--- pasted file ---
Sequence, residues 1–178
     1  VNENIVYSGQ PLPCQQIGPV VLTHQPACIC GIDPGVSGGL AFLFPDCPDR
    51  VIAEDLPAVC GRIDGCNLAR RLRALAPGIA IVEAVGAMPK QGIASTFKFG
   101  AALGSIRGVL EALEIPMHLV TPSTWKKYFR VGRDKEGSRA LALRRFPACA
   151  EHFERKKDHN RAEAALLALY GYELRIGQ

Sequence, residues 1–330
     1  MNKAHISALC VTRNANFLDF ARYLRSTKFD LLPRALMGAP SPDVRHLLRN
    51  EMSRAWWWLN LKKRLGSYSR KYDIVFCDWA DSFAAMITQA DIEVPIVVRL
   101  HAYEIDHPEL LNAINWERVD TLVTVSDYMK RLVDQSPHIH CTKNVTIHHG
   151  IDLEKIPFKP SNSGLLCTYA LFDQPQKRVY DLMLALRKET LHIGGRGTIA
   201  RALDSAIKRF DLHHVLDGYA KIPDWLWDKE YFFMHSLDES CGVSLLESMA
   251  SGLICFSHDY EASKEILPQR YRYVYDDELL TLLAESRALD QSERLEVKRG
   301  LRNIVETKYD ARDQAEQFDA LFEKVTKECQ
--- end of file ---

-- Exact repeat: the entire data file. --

Sequence, residues 1–178
     1  VNENIVYSGQ PLPCQQIGPV VLTHQPACIC GIDPGVSGGL AFLFPDCPDR
    51  VIAEDLPAVC GRIDGCNLAR RLRALAPGIA IVEAVGAMPK QGIASTFKFG
   101  AALGSIRGVL EALEIPMHLV TPSTWKKYFR VGRDKEGSRA LALRRFPACA
   151  EHFERKKDHN RAEAALLALY GYELRIGQ

Sequence, residues 1–330
     1  MNKAHISALC VTRNANFLDF ARYLRSTKFD LLPRALMGAP SPDVRHLLRN
    51  EMSRAWWWLN LKKRLGSYSR KYDIVFCDWA DSFAAMITQA DIEVPIVVRL
   101  HAYEIDHPEL LNAINWERVD TLVTVSDYMK RLVDQSPHIH CTKNVTIHHG
   151  IDLEKIPFKP SNSGLLCTYA LFDQPQKRVY DLMLALRKET LHIGGRGTIA
   201  RALDSAIKRF DLHHVLDGYA KIPDWLWDKE YFFMHSLDES CGVSLLESMA
   251  SGLICFSHDY EASKEILPQR YRYVYDDELL TLLAESRALD QSERLEVKRG
   301  LRNIVETKYD ARDQAEQFDA LFEKVTKECQ